Rogge: Rio Olympic organizers don't need warning

Rogge says Rio Olympic organizers don't need 'yellow card' warning ahead of monitoring visit

Associated Press
Rogge: Rio Olympic organizers don't need warning

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International Olympic Committee, IOC, President Jacques Rogge gestures during a press conference after the last day of the executive board's meeting, in Lausanne, Switzerland, Wednesday, Feb. 13, 2013. IOC President Jacques Rogge says he will meet with the head of wrestling's governing body to discuss ways the sport can fight to save its place in the 2020 Olympics. The IOC executive board dropped wrestling from the program of the 2020 Games on Tuesday, removing it from the list of 26 sports contested at last year's London Olympics. The decision, which still must be ratified by the full IOC in September, has been widely criticized by wrestling organizations around the world. (AP Photo/Keystone,/Laurent Gillieron)

LAUSANNE, Switzerland (AP) -- IOC President Jacques Rogge believes he won't need to publicly warn organizers of the 2016 Rio de Janeiro Olympics about delayed preparations.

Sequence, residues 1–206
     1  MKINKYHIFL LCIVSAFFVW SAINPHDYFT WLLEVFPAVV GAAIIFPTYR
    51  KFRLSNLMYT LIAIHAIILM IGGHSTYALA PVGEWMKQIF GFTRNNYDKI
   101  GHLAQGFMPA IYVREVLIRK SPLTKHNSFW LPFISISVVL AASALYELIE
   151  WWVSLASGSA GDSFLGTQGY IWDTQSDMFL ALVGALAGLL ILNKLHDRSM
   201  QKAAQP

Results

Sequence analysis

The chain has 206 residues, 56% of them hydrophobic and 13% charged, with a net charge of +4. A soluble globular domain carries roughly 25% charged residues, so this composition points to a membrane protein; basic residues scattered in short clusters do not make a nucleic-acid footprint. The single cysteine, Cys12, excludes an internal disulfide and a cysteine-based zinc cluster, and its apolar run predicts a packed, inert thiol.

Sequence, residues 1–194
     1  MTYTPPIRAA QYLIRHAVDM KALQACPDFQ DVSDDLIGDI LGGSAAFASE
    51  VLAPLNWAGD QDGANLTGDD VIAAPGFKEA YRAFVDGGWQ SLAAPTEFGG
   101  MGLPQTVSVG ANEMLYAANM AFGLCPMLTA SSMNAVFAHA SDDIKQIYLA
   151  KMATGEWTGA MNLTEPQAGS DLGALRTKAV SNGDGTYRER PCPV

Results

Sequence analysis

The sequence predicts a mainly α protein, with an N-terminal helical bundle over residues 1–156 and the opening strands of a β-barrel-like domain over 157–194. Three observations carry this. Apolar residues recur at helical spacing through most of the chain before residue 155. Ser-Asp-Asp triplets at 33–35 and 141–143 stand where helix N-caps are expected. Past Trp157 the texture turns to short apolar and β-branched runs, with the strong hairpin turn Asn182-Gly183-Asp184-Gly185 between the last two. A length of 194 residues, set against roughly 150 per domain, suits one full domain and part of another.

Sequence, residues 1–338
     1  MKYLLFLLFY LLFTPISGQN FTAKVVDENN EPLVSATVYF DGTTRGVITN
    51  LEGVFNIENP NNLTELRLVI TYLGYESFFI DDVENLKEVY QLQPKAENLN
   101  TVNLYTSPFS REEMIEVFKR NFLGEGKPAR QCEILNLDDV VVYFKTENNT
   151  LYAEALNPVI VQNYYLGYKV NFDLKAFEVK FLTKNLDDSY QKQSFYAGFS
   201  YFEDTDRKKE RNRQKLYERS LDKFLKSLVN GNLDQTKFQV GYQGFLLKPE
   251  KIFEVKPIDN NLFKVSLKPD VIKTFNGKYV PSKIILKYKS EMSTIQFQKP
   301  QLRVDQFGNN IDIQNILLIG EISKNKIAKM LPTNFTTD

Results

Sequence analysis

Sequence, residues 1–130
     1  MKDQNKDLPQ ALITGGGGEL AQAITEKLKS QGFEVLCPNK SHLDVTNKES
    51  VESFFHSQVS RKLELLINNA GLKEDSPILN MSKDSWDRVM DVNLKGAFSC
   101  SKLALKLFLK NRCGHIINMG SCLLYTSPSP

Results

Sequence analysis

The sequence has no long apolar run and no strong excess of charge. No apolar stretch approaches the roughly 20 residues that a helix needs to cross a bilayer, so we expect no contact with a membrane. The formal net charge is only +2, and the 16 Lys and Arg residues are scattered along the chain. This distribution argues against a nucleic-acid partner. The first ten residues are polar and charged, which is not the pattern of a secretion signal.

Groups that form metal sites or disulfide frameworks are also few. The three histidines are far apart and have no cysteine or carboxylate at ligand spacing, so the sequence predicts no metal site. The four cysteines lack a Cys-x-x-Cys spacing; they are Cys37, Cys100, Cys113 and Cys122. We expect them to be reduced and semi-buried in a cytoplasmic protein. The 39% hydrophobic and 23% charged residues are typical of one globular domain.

An IOC evaluation panel is due in Brazil on Monday to begin its latest visit, amid persistent reports that progress is behind schedule.

Rogge was reminded Wednesday that, when leading the evaluation of the 2004 Athens Olympics, local organizers were shown a soccer-style yellow card by his predecessor, Juan Antonio Samaranch.

Rogge said he asked Samaranch to issue that warning.

"I told him: 'First thing you have to give is a strong warning and you only can do that as president of the IOC because your voice will carry much further than any other,'" Rogge said. "The same would happen in Rio if things were of such a nature that they were needed."

So far, no one from the Rio evaluation team led by Rogge's executive board colleague Nawal El Moutawakel requested a yellow card from him.

"I hope this is not going to be the case," said the IOC president, who leaves office in September. "I am confident that with the new steps that have been taken by the organizing committee, this will not be needed."

In another action which has created negative headlines for Brazil, Rogge said he was not involved in a complaint leveled by the ousted leaders of two sports against the country's Olympic officials.

The Brazilian ice sports and badminton federations claim that Brazil should face suspension by the IOC because the national Olympic body has not protected them from local court rulings. The sports say this violates the Olympic Charter which should guarantee elected sports officials freedom from political interference.

"It did not escalate to my desk probably because it's something that can be solved at another level," Rogge said when asked about the dispute.

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